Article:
National Clean Diesel Campaign (NCDC)
Ports & Marine
- Clean School Bus
- Ports & Marine
- Clean Construction
- Clean Agriculture
What Port Authorities Can Do
One of the major issues port authorities are facing today is promoting economic development while protecting environmental quality. Public ports play an integral role in working with private industry to develop and finance marine terminals and facilities, as well as to manage the port. Whether an "operating port" or a "landlord port," public port authorities are key as sponsors of federal navigation projects that benefit all maritime interests.
Establish anti-idling policies
By establishing an anti-idling policy for trucks, locomotives and cargo handling equipment, diesel emissions can be effectively reduced. Turning off engines when not in use is the smartest and easiest way to reduce air pollution and save money. Not only does unnecessary idling waste fuel, but it causes wear and tear on the engine which requires more maintenance. EPA's SmartWay program maintains a list of verified idle reduction technologies.
Expand off-peak operations hours to avoid congestion
By extending terminal gate hours beyond the regular schedule or offering incentives for off-peak operations, truck queuing, idling, and traffic congestion are shortened. Not only does this increase flow and efficiency, but reduces the impacts of diesel exhaust during ozone hours.
Retrofit with verified technologies, use cleaner fuels and operate more efficiently
Install or require installation of emission reduction devices, replace engines or equipment, use cleaner fuels, and implement operational efficiencies which have been tested and verified. These technologies are cost-effective and yield substantial emission reductions. See EPA’s Technologies and Verification pages to learn more about available options. Visit EPA’s Grants & Funding pages for information on grants.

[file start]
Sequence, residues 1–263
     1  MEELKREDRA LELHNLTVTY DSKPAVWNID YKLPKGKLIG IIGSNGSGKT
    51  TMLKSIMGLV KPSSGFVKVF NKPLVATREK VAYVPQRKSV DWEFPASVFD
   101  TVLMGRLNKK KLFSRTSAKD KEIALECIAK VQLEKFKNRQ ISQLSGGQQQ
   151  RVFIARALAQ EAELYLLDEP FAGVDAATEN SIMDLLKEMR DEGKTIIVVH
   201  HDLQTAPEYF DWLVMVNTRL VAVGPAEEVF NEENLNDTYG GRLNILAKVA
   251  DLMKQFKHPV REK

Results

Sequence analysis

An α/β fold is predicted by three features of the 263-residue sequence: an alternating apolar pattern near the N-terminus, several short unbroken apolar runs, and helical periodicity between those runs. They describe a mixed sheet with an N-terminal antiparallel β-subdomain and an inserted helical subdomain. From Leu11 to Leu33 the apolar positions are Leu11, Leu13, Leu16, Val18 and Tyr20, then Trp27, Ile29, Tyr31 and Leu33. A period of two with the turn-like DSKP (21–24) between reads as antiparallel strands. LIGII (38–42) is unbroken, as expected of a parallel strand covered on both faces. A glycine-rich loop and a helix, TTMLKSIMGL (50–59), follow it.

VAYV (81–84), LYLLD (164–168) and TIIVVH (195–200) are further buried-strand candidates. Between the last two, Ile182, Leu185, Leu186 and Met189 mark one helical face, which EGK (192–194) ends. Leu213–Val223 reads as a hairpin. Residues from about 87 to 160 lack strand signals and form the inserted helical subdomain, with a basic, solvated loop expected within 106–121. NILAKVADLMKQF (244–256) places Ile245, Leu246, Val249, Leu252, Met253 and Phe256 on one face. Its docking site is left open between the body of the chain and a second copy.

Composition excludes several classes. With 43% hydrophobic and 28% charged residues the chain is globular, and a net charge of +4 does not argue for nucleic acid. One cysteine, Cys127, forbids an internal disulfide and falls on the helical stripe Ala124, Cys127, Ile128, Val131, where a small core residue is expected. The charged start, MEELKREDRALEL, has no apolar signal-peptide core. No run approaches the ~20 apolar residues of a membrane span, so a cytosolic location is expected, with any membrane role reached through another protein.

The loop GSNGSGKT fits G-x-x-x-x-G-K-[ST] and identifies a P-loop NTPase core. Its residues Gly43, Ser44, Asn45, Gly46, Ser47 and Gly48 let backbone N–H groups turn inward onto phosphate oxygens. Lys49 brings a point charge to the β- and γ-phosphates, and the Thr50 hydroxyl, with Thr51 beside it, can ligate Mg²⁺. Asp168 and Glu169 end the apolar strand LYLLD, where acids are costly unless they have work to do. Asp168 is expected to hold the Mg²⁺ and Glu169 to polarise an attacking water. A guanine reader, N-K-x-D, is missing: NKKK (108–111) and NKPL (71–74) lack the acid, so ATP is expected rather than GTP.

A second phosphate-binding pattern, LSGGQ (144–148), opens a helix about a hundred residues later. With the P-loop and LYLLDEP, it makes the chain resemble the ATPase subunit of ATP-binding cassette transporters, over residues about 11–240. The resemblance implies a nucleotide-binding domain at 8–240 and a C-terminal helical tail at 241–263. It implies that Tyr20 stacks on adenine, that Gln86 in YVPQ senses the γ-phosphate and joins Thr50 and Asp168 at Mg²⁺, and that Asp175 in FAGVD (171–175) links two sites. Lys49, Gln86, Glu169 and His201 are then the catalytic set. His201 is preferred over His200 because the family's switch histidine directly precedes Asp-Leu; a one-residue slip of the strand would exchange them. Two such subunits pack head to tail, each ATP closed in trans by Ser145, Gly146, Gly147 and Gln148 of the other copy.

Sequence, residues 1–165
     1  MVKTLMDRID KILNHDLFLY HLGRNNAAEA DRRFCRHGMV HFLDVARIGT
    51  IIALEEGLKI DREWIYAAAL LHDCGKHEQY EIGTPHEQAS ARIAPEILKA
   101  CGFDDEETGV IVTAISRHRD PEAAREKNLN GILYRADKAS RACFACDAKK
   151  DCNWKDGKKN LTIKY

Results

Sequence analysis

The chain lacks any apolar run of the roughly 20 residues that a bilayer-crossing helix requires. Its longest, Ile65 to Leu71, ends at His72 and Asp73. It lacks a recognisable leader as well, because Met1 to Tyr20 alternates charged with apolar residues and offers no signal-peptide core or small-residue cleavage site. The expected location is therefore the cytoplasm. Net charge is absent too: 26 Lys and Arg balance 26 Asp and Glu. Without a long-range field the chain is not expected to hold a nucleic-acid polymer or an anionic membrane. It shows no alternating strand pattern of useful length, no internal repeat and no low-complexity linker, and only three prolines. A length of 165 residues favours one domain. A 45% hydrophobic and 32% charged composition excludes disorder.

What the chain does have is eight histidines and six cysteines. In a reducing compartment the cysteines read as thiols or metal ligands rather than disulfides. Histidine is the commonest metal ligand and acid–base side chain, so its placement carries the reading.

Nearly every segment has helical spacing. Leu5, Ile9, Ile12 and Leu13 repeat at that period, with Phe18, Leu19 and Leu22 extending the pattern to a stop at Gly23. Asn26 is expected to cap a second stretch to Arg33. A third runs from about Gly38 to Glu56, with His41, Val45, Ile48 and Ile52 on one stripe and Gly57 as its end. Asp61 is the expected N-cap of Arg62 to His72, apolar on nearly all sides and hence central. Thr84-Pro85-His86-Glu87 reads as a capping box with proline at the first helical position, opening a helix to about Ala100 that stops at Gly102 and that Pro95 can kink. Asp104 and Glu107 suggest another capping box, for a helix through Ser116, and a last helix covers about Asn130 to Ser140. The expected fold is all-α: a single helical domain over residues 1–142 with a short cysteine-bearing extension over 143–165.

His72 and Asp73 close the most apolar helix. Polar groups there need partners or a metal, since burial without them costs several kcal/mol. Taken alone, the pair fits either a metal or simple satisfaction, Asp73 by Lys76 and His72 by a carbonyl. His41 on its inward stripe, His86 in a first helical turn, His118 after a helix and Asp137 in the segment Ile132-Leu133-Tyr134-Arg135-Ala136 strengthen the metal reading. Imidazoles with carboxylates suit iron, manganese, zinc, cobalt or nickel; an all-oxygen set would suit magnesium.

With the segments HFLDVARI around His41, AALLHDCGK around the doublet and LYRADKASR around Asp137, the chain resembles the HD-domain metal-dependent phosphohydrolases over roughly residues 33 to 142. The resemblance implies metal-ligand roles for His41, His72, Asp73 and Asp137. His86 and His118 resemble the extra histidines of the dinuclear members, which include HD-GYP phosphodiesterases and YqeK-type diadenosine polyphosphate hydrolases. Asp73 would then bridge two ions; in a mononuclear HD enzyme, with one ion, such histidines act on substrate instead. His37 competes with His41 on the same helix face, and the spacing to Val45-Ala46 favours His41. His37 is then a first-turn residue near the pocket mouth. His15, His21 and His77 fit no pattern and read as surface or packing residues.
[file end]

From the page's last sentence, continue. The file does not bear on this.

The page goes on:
Develop an Environmental Management System
Ports across the globe are adopting Environmental Management Systems (EMS) as a way to plan for continuous improvement in environmental performance. For more information, see An Environmental Management System (EMS) Primer for Ports: Advancing Port Sustainability (PDF) (50 pp, 1.4MB, April 2007, About PDF).
Develop an emissions inventory
An emissions inventory is necessary for port authorities to understand and quantify the air quality impacts of current port operations. Ports are major contributors of NOx, PM, SOx, and air toxics. Emissions inventories help to assess the impacts of port expansion or increased activity and provide a baseline for developing emission mitigation strategies and track performance over time.
A number of port authorities have already performed emissions inventories and are taking advantage of emission reduction opportunities. For more information on emissions inventories, see the Current Methodologies in Preparing Mobile Source Port-Related Emission Inventories (116 pp, 300MB, April 2009, About PDF) report.
Develop educational programs on air pollution and emissions reductions for terminal operators and fleet owners
One barrier to implementing cost-effective emissions reduction strategies is lack of knowledge on the part of terminal operators and fleet owners about various options. Guidance and education on air quality, air pollutants, technologies and ways to implement emissions reduction strategies not only increase awareness but also increase the opportunities reduce emissions. EPA has useful publications on these topics.
Substitute electric power for diesel power
Using electric shore side power at berth or "cold ironing," rather than running auxiliary diesel engines is effective for ports and vessels that have long hoteling times, multiple annual vessel calls, and high auxiliary power needs, such as cruise ships.
Substitute rail or barge for trucking
Using rail or barge instead trucking increases the volume flow and efficiency of cargo in and out of the port. Rail and barge offer less congestion than trucks and reduces diesel exhaust from unnecessary idling.
Contact state environmental agencies for additional funding opportunities
California’s Carl Moyer Program and Texas’ TERP Program offer grants for activities that reduce diesel emissions. Check to see if your state or local government might offer financial assistance for clean diesel projects. Visit EPA’s Other Funding Sources for additional information.